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Endangered Hellbender Salamander: Omen of Poor Water Quality in MO?

Inadequate sewage systems destroy the habitats of the Ozark hellbender salamander. (Jeromy Applegate/USFWS)
Inadequate sewage systems destroy the habitats of the Ozark hellbender salamander. (Jeromy Applegate/USFWS)
October 3, 2017

ST. LOUIS – It can be challenging to make people care about an endangered species of giant salamander that goes by names including the Ozark hellbender and the snot otter. But environmentalists in Missouri are calling upon officials to recognize that the ample amphibian's ranks are dwindling because water quality in the southern part of the state is worsening.

Ken Midkiff, spokesman for the Sierra Club's Missouri chapter, says the issue is far bigger than the sizable salamander alone.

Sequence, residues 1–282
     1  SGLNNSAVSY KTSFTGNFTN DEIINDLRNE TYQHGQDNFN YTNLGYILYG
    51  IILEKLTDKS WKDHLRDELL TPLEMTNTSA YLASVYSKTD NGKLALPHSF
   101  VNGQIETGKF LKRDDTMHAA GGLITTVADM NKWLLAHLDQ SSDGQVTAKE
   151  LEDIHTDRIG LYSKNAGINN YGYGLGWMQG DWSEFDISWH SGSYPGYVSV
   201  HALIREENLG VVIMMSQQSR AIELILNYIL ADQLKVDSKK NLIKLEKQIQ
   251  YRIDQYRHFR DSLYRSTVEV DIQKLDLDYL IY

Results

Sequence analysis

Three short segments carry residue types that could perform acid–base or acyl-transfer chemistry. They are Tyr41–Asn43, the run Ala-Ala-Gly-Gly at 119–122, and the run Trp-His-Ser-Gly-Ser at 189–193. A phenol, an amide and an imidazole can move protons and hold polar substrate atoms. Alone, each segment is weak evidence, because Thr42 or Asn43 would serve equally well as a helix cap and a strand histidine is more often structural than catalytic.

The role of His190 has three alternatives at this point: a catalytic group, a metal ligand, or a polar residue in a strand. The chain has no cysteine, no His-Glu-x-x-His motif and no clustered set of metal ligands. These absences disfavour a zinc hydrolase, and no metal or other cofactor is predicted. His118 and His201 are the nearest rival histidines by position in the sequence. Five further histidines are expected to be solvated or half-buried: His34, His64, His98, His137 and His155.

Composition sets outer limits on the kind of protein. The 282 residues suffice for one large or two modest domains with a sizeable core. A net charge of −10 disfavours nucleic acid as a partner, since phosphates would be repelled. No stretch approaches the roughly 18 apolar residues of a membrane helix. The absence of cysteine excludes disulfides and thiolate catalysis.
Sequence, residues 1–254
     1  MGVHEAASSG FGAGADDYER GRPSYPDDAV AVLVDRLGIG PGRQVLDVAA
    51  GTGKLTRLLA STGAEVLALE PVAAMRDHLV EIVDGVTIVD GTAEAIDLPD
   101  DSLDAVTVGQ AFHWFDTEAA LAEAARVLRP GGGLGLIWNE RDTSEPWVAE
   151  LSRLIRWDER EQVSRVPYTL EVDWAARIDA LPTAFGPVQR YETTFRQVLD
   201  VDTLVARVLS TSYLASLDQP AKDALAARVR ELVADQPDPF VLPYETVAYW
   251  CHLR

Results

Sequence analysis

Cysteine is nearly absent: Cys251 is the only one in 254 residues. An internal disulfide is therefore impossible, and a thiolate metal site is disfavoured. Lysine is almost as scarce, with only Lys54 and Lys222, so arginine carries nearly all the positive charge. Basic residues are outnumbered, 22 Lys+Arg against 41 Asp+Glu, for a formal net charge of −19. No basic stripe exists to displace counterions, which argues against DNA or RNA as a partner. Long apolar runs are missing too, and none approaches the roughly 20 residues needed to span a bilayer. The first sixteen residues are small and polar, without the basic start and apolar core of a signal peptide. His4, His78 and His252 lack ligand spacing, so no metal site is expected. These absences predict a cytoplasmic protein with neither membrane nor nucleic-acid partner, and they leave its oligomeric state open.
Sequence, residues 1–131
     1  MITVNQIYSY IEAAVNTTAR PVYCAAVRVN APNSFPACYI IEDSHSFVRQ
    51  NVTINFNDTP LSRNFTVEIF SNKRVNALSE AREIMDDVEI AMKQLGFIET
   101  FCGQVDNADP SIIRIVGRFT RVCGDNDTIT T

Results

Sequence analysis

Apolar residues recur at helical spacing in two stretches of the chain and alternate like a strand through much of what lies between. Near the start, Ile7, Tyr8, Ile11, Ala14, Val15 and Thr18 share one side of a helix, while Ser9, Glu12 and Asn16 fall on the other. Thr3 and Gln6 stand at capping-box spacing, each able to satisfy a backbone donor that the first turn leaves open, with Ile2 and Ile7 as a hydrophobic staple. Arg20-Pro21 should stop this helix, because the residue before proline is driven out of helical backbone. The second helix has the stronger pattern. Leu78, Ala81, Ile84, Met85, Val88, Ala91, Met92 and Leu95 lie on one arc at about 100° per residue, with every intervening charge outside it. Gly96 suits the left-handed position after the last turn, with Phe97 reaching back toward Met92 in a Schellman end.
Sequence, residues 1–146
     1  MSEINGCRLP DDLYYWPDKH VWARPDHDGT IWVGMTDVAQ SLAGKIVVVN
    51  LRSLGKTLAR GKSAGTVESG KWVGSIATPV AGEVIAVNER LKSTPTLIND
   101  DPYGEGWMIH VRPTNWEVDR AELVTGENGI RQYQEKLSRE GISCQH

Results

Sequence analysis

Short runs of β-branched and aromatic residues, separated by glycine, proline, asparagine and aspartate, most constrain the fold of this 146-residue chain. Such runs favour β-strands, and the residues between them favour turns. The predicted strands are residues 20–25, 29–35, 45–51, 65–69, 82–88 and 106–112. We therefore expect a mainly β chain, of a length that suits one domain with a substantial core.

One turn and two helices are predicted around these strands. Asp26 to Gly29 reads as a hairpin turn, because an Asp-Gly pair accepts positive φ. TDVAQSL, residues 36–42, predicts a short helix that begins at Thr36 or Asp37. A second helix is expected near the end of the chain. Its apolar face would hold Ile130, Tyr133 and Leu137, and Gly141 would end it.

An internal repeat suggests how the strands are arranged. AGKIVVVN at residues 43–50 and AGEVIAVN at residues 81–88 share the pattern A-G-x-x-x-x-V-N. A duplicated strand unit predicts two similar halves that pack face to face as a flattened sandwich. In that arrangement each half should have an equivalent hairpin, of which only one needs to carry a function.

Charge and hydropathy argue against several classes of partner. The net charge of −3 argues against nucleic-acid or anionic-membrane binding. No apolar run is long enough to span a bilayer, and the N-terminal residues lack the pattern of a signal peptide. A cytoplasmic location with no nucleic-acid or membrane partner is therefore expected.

"The hellbender is sort of like a canary in a coal mine," he says. "The hellbender is simply an indication that we have poor water quality in certain Ozark streams."

While the hellbender was designated an endangered species in 2011, Midkiff says legislators and the Environmental Protection Agency need to also designate critical habitats, because habitat degradation is the number one cause of decline.

Opponents of the critical habitat designation argue that there are sufficient protections given to the salamanders simply under the endangered species designation.

Midkiff points to construction near the Current, Jack Forks and Eleven Point rivers of the Missouri Ozarks as causes of decreases in water quality. The Ozark hellbender is the largest aquatic salamander in the country and Midkiff says if you spot one you'll certainly understand its name.

"It looks like a demon," he adds. They're large, 24 inches, they're kind of flat. They're sometimes called a 'snot otter' because they can bend their body, they can go under rocks and things."

Midkiff says if water quality is so poor that it's harming the hellbender, then it isn't good for humans either.

Kevin Patrick Allen, Public News Service - MO